UNICEF reports that over the past 18 days, the Gaza Strip has borne witness to a devastating toll on its children, with a reported 2,360 fatalities and a reported 5,364 injuries due to unrelenting attacks, or more than 400 children reportedly either killed or injured daily.  Additionally, more than 30 Israeli children reportedly have lost their lives, and dozens remain in captivity within the Gaza Strip.  The 18-day period is the deadliest escalation of hostilities in the Gaza Strip and Israel that the UN has witnessed since 2006, says a statement released by UNICF on October 24.

Almost every child in the Gaza Strip has reportedly been exposed to deeply distressing events and trauma, marked by widespread destruction, relentless attacks, displacement, and severe shortages of essential necessities such as food, water, and medicine.

“The killing and maiming of children, abduction of children, attacks on hospitals and schools, and the denial of humanitarian access constitute grave violations of children's rights,” said Adele Khodr, UNICEF Regional Director for the Middle East and North Africa.  “UNICEF urgently appeals on all parties to agree to a ceasefire, allow humanitarian access and release all hostages. Even wars have rules. Civilians must be protected – children particularly – and all efforts must be made to spare them in all circumstances.”

“The situation in the Gaza Strip is a growing stain on our collective conscience. The rate of death and injuries of children simply staggering,” said Khodr. “Even more frightening is the fact that unless tensions are eased, and unless humanitarian aid is allowed, including food, water, medical supplies and fuel, the daily death toll will continue to rise.”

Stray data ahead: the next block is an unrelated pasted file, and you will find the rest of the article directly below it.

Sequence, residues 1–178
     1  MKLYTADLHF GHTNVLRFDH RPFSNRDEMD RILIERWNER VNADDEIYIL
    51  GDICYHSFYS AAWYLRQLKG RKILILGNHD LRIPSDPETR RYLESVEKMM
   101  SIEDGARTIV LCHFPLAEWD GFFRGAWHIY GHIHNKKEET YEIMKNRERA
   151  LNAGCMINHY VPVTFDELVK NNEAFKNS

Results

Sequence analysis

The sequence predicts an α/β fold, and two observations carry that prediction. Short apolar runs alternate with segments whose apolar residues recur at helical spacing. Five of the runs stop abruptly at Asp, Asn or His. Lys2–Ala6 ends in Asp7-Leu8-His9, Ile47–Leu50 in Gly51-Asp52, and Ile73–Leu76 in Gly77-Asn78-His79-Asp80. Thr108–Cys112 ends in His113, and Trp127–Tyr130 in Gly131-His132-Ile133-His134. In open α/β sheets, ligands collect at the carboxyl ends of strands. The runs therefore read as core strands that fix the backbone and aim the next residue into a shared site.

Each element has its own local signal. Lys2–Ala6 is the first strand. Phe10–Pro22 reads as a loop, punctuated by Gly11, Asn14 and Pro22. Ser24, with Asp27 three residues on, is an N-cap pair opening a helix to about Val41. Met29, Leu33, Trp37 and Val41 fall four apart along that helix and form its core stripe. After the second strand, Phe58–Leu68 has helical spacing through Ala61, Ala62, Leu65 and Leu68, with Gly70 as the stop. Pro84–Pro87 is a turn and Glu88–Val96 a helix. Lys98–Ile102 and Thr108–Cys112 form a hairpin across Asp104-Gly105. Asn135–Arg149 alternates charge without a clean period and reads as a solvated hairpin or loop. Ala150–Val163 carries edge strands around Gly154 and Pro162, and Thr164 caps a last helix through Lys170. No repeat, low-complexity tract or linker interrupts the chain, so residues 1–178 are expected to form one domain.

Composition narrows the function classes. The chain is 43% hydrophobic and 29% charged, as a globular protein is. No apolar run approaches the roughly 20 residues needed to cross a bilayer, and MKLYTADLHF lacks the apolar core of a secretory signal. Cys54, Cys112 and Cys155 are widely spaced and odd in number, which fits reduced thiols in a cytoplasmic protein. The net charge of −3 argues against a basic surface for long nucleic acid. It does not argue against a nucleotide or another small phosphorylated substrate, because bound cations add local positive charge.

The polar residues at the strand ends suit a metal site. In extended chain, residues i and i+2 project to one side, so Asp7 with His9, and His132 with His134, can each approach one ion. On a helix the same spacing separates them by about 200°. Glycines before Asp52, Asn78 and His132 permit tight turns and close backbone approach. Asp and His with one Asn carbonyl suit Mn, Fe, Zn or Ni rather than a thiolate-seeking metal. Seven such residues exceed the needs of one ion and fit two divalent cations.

According to UNICEF, the West Bank has also witnessed an alarming surge in casualties, with nearly a hundred Palestinians reportedly losing their lives, including 28 children, and at least 160 children reportedly sustaining injuries.  Even before the tragic events of October 7, 2023, children in the West Bank were already grappling with the highest levels of conflict-related violence in two decades, resulting in the loss of 41 Palestinian children and six Israeli children's lives so far this year.

UNICEF notes that fuel is of paramount importance for the operation of essential facilities such as hospitals, desalination plants, and water pumping stations.  Neonatal intensive care units reportedly house over 100 newborns, some of whom are in incubators and rely on mechanical ventilation, making an uninterrupted power supply a matter of life and death.

The entire population of the Gaza Strip, comprising nearly 2.3 million people, is facing a dire and pressing lack of water, which poses grave consequences for children, roughly 50 per cent of the population.  The majority of water systems have been severely impacted or rendered non-operational due to a combination of factors, including fuel shortages and damage to vital production, treatment, and distribution infrastructure.  Currently, the water production capacity is a mere 5 per cent of its usual daily output. 

To respond to the dire situation for children in the Gaza Strip, UNICEF is calling for: an immediate humanitarian ceasefire; all access crossings into Gaza to be opened for a safe, sustained and unimpeded access of humanitarian aid, including water, food, medical supplies, and fuel; urgent medical cases in Gaza to be allowed to leave or to be able to receive critical health services; respect and protection for civilian infrastructure such as shelters and schools, and health, electric, water and sanitation facilities, to prevent loss of civilian and children’s lives, outbreaks of diseases, and to provide care to the sick and wounded.

The Ministry of Health in the Gaza Strip says more than 6,500 people have been killed in the territory since Israel retaliated with air and artillery strikes while massing troops for an expected ground invasion.  It means that children account for 36.3 percent of those killed in Israeli air and artillery strikes in Gaza in less than three weeks.